Malaysia has a huge potential to cement its presence in China’s market for palm oil and palm oil-based value-added products over the next three to five years while reducing further its dependence on the European market, said the Malaysian Palm Oil Board (MPOB).
Chairman Datuk Mohamad Helmy Othman Basha acknowledged that China’s import volume of the commodity from Malaysia has slowly declined in recent years, but said that Malaysia is now focusing on exporting more value-added products to the country.
“This is what we are (seeking) right now. We have no problem with Indonesia exporting a big volume of crude palm oil worldwide.
“As for Malaysia, we want them (China) to import higher value-added products (from us) and we are seeing an improvement (in this area) year-on-year,” said Mohamad Helmy, who was part of a palm oil promotion mission to China headed by Deputy Prime Minister Datuk Seri Fadillah Yusof, who is also Plantation and Commodities Minister.
He said the Palm Oil Research and Technical Service Institute of Malaysian Palm Oil Board (PORTSIM), founded in 2005, has created between three and eight new value-added products using palm oil annually to cater to Chinese consumer needs.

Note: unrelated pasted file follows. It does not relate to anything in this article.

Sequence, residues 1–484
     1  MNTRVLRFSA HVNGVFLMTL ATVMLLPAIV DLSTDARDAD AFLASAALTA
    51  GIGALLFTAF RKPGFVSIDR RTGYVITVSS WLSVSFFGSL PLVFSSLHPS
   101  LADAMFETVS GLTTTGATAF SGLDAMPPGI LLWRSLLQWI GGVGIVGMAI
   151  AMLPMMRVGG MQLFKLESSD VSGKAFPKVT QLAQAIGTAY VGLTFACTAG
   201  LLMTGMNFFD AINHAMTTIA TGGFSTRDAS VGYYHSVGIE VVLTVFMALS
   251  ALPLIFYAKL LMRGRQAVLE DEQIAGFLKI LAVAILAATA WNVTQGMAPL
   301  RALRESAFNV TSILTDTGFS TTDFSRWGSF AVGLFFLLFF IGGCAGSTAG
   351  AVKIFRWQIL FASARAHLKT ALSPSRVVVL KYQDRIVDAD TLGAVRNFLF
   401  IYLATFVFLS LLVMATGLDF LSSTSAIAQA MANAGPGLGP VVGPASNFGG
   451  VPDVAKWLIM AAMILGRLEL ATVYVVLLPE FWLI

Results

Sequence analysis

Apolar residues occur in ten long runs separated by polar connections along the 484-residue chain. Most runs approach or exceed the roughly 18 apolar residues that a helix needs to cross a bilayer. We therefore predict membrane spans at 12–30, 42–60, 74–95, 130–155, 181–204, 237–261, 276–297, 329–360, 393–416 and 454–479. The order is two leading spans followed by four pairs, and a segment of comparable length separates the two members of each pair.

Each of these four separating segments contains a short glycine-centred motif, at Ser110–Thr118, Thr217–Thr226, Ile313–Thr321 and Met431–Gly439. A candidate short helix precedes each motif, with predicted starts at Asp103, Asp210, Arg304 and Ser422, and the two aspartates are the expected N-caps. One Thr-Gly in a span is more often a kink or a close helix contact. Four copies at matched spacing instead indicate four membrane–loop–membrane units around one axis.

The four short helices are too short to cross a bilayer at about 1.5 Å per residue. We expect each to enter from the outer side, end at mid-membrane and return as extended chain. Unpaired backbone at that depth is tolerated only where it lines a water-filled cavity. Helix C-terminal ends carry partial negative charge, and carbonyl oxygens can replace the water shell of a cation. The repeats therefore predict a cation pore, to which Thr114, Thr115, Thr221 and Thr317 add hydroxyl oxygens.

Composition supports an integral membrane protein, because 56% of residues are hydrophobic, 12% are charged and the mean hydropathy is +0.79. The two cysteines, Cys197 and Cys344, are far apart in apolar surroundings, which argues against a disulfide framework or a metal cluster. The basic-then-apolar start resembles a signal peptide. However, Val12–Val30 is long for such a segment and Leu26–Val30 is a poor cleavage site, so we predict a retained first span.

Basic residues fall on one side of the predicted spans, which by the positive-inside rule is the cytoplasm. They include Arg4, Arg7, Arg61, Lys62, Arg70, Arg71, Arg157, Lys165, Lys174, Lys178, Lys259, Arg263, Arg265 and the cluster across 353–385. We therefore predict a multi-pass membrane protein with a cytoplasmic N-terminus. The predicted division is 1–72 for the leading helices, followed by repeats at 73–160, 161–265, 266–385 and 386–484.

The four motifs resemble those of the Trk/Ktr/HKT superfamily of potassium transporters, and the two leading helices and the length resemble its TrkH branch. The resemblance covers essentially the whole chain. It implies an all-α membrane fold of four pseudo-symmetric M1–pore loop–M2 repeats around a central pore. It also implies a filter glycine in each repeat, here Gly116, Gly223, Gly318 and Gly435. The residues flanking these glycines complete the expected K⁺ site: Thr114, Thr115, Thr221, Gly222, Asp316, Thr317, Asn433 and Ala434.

“Chinese consumers now are very sophisticated. They require better health products, better nutrients and, of course, sustainable products, and our sustainable palm oil is the answer. So we are on the right track,” Mohamad Helmy said.
He also said Chinese food and non-food manufacturers are currently facing a shortage of tallow (animal fat) for their products, and there is potential for Malaysia to replace that with palm oil.
Meanwhile, Malaysian Palm Oil Council chief executive officer Belvinder Sron said China is more conscious about environmental, social and governance requirements because it is exporting to other countries.
“We are in a good position to help China meet that demand because we already have our Malaysian Sustainable Palm Oil (MSPO) certificate (which) is a competitive edge we have against other palm oil producing countries,” she said.
She urged Malaysian companies to be more aggressive in penetrating the Chinese market with its 1.4 billion population and to make frequent visits to be closer to their buyers.